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Author Notes:

Individual reprints of this article are not available. Address correspondence to Terry A. Jacobson, MD, Director, Office of Health Promotion and Disease Prevention, Department of Medicine, Emory University, Faculty Office Bldg, 49 Jesse Hill Jr Dr SE, Atlanta, GA 30303 (tjaco02@emory.edu).


Research Funding:

Research support was provided by Abbott Laboratories (Abbott Park, IL).

Opening a New Lipid “Apo-thecary”: Incorporating Apolipoproteins as Potential Risk Factors and Treatment Targets to Reduce Cardiovascular Risk


Journal Title:

Mayo Clinic Proceedings


Volume 86, Number 8


, Pages 762-780

Type of Work:

Article | Post-print: After Peer Review


Statins (3-hydroxy-3-methylglutaryl-coenzyme A reductase inhibitors) represent the cornerstone of drug therapy to reduce low-density lipoprotein (LDL) cholesterol and cardiovascular risk. However, even optimal statin management of LDL cholesterol leaves many patients with residual cardiovascular risk, in part because statins are more effective in reducing LDL cholesterol than apolipoprotein B (Apo B). Apo B may be a better marker of atherogenic risk than LDL cholesterol because Apo B measures the total number of all atherogenic particles (total atherosclerotic burden), including LDL, very low-density lipoprotein, intermediate-density lipoprotein, remnant lipoproteins, and lipoprotein(a). To determine whether Apo B is a better indicator of baseline cardiovascular risk and residual risk after lipid therapy compared with LDL cholesterol, a MEDLINE search of the literature published in English from January 1, 1975, through December 1, 2010, was conducted. On the basis of data from most population studies, elevated Apo B was more strongly associated with incident coronary heart disease than similarly elevated LDL cholesterol. Apo B was also a superior benchmark (vs LDL cholesterol) of statins' cardioprotective efficacy in both primary-prevention and secondary-prevention trials. To minimize cardiovascular risk among persons with hypercholesterolemia or dyslipidemia, the best available evidence suggests that intensive therapy with statins should be initiated to achieve the lowest possible Apo B level (with adequate drug toleration) and then other therapies (eg, niacin, bile acid resins, ezetimibe) added to potentiate these Apo B–lowering effects. In future consensus lipid-lowering treatment guidelines, Apo B should be considered as an index of residual risk, a potential parameter of treatment efficacy, and a treatment target to minimize risk of coronary heart disease.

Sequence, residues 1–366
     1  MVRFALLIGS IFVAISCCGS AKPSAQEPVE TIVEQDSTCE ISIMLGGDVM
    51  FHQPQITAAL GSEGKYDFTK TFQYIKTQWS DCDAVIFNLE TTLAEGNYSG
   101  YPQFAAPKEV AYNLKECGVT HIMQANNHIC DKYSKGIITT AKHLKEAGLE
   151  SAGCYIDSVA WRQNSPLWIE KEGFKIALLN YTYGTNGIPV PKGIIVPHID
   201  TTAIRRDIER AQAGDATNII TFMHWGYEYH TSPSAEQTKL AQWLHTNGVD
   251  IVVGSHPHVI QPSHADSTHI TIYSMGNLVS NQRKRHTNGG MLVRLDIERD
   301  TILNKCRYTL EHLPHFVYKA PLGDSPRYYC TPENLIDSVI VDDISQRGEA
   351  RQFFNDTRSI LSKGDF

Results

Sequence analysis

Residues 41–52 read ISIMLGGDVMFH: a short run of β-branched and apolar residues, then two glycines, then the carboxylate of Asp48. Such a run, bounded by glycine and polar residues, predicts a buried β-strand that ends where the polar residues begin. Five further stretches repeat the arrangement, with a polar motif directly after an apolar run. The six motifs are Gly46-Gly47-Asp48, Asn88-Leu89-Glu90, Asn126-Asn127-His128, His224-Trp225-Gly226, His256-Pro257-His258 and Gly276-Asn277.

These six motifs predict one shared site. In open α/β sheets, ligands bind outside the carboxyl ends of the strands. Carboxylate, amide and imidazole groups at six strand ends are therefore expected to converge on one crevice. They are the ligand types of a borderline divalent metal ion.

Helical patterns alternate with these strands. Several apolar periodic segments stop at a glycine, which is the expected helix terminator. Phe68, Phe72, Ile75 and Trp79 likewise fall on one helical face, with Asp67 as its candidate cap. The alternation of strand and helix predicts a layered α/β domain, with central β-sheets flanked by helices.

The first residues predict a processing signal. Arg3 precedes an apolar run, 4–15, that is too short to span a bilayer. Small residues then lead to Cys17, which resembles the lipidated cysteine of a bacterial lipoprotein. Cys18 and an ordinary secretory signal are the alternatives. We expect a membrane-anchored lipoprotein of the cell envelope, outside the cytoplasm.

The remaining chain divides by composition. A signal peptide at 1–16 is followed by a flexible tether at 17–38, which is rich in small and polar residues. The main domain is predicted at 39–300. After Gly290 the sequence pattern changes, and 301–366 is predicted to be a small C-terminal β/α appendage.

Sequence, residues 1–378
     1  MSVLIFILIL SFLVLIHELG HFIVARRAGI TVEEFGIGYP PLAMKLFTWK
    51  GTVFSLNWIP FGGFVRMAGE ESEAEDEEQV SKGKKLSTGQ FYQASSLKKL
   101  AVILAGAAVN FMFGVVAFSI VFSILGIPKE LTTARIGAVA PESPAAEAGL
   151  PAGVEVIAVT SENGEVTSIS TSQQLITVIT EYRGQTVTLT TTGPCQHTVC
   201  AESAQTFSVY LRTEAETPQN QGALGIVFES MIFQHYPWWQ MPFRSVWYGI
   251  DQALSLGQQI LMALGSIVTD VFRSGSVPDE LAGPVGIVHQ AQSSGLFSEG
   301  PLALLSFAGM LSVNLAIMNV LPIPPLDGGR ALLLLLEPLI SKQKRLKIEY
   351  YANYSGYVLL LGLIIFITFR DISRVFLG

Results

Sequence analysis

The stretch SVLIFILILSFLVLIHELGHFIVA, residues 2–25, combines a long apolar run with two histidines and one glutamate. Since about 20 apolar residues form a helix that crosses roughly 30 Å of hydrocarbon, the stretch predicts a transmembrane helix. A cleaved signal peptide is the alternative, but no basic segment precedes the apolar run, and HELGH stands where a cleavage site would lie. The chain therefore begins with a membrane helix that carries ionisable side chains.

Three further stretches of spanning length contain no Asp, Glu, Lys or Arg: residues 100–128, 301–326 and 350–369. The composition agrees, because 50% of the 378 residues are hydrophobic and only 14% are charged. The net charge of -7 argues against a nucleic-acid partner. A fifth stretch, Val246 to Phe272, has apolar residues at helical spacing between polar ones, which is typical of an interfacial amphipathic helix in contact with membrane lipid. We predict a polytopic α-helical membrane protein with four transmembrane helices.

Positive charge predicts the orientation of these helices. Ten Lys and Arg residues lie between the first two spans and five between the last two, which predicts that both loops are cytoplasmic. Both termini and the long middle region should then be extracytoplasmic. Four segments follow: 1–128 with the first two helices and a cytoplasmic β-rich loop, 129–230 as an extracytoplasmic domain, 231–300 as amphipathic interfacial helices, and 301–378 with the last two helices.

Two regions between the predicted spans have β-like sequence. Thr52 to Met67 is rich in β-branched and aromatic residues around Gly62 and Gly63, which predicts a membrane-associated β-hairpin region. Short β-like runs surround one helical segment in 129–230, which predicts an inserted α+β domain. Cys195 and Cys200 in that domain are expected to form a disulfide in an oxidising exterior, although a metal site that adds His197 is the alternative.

Copyright information:

© 2011 Mayo Foundation for Medical Education and Research

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